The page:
Private Rodolfo Bartoli was captured on 10 October 1940. He disembarked from the ship Queen Elizabeth on 15 October 1941 and was marched into Cowra POW Camp on 16 October 1941. He received 28 days detention on 29 June 1942 for speaking in an insolent manner to a Sergeant Major. On 18 May 1943 he was fined 2 Shillings for breach of correspondence regulations. He transferred to Rowville on 9 October 1945.
Bob Seers also remembers that the Scout Hall on Princes Highway, Dandenong, which is now a part of Hemmings Park, was a Military Hospital during the war with lots of huts in the Park next to the Hall. One by one all the huts were removed and were mostly gone by the 1950ís. The 21st Australian Camp Hospital, Australian Army was located at Dandenong. Perhaps it was located in Hemmings Park.
Subject: Rowville Army Camp
Date: Thu, 12 Oct 2000 00:05:03 -0700
From: "Russell Holroyd" <HHH3798@bigpond.com>
Thanks for the quick reply. The reason I asked what part of the country you live in is that there was another POW camp around Melbourne and a bit of local knowledge makes it easier to explain. About 20 years ago an old guy told me about an Italian POW camp at Rowville, about 12-13 km north of Dandenong. (If you can get your hands on a Melway street directory, look up map 81, ref. H4). According to Alan Fitzgerald in his book 'The Italian Farming Soldiers' (MUP 1981) this was known simply as the Rowville POW Hostel.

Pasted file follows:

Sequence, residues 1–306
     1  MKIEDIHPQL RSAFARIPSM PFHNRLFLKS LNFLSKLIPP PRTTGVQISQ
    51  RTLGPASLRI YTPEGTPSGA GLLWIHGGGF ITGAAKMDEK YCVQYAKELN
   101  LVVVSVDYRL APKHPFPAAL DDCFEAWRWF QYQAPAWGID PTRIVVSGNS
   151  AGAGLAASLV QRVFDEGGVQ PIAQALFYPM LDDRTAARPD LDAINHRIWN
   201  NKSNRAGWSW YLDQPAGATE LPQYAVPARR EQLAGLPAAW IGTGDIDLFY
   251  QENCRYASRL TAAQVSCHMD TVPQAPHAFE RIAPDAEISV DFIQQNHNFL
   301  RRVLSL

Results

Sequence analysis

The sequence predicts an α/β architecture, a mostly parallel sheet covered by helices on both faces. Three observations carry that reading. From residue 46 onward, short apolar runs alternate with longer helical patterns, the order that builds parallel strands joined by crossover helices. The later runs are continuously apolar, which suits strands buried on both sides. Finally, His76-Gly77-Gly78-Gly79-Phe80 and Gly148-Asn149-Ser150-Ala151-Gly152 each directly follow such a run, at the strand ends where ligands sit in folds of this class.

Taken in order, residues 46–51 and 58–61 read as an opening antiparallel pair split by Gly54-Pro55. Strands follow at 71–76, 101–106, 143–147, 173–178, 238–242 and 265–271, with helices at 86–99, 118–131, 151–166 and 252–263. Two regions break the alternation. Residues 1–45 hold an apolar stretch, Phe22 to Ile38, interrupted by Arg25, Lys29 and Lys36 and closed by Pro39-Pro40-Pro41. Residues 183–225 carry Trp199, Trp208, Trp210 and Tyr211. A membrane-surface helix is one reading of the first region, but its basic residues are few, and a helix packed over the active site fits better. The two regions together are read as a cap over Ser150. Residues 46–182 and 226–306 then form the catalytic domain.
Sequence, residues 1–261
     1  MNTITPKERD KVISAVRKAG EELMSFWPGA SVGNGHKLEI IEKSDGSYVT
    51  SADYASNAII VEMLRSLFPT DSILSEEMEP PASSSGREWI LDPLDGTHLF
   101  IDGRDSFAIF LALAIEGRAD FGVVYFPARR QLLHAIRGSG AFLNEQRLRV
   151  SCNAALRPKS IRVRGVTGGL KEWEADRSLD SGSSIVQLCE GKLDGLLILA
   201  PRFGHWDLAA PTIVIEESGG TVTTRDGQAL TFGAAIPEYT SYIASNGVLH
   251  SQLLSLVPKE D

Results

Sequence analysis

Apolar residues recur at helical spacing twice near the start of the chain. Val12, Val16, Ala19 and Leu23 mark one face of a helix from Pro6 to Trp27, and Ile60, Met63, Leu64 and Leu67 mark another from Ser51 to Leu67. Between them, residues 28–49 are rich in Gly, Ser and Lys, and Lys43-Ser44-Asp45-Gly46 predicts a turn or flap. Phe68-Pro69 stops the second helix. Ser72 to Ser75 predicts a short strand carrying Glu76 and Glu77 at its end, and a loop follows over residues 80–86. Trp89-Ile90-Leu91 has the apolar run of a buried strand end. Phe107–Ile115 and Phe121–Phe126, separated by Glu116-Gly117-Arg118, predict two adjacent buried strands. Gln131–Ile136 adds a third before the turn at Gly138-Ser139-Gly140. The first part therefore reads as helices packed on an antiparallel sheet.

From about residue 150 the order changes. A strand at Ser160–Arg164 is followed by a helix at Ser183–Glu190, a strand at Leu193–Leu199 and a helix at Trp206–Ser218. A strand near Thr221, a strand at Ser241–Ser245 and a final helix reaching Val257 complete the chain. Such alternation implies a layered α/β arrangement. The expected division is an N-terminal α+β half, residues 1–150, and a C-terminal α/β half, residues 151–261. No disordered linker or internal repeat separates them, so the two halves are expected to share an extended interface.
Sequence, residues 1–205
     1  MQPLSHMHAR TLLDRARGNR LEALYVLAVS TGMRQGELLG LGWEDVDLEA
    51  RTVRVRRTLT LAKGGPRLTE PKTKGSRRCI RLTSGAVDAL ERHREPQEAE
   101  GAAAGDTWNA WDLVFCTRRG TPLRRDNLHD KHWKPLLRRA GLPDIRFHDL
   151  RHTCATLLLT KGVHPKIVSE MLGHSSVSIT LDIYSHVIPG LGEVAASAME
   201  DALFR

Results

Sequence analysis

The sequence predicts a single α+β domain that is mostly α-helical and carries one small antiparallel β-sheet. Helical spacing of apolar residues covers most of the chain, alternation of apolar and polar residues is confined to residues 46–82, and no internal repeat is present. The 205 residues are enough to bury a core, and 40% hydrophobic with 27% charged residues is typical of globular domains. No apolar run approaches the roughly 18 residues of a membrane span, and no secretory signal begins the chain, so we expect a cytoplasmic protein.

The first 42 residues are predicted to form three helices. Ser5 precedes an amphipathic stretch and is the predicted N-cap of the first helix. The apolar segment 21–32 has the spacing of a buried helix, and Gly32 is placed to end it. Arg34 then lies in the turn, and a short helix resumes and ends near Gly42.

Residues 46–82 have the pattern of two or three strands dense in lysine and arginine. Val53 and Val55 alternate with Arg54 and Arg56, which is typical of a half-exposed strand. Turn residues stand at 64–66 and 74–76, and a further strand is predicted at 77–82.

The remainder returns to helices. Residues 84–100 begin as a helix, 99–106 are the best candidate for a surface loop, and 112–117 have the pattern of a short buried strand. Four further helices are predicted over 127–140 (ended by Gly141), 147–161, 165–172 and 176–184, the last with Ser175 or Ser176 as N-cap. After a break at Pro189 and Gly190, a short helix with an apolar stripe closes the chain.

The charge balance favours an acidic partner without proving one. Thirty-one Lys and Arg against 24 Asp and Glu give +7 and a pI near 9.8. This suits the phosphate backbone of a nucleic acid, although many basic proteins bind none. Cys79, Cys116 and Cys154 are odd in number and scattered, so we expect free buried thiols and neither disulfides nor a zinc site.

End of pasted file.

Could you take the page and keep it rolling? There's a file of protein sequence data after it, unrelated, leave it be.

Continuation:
This camp stood on the site now partly occupied by a major electrical terminal station. Whatever the government of the day wanted hidden, has long since disappeared under this vast installation. However, large sections of concrete works such as drainage ditches, hut bases and paths still exist on parts of the property not built on. Out of curiosity, in 1996, and again in 1999,a friend and I did an audit of those parts of the site we could get into and photographed everything relating to the POW camp. I can send you copies of the photos if you want them. The only thing we are missing is an aerial shot of the site.